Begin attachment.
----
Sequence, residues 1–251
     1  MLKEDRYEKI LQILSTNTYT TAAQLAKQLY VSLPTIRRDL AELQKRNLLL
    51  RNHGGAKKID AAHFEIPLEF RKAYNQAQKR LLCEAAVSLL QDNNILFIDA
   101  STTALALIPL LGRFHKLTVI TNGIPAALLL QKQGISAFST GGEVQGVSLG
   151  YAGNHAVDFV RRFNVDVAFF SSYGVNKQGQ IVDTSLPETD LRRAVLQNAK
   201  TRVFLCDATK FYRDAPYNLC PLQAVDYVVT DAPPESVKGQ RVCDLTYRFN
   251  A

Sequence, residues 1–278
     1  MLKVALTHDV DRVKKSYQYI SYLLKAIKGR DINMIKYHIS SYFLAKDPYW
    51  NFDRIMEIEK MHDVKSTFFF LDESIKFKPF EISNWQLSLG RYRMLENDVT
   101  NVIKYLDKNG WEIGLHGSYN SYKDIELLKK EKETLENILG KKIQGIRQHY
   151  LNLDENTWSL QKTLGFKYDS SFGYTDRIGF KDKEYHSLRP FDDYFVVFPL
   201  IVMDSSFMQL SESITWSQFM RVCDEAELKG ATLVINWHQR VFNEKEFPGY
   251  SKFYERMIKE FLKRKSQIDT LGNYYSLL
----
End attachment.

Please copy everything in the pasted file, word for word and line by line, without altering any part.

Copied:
Sequence, residues 1–251
     1  MLKEDRYEKI LQILSTNTYT TAAQLAKQLY VSLPTIRRDL AELQKRNLLL
    51  RNHGGAKKID AAHFEIPLEF RKAYNQAQKR LLCEAAVSLL QDNNILFIDA
   101  STTALALIPL LGRFHKLTVI TNGIPAALLL QKQGISAFST GGEVQGVSLG
   151  YAGNHAVDFV RRFNVDVAFF SSYGVNKQGQ IVDTSLPETD LRRAVLQNAK
   201  TRVFLCDATK FYRDAPYNLC PLQAVDYVVT DAPPESVKGQ RVCDLTYRFN
   251  A

Sequence, residues 1–278
     1  MLKVALTHDV DRVKKSYQYI SYLLKAIKGR DINMIKYHIS SYFLAKDPYW
    51  NFDRIMEIEK MHDVKSTFFF LDESIKFKPF EISNWQLSLG RYRMLENDVT
   101  NVIKYLDKNG WEIGLHGSYN SYKDIELLKK EKETLENILG KKIQGIRQHY
   151  LNLDENTWSL QKTLGFKYDS SFGYTDRIGF KDKEYHSLRP FDDYFVVFPL
   201  IVMDSSFMQL SESITWSQFM RVCDEAELKG ATLVINWHQR VFNEKEFPGY
   251  SKFYERMIKE FLKRKSQIDT LGNYYSLL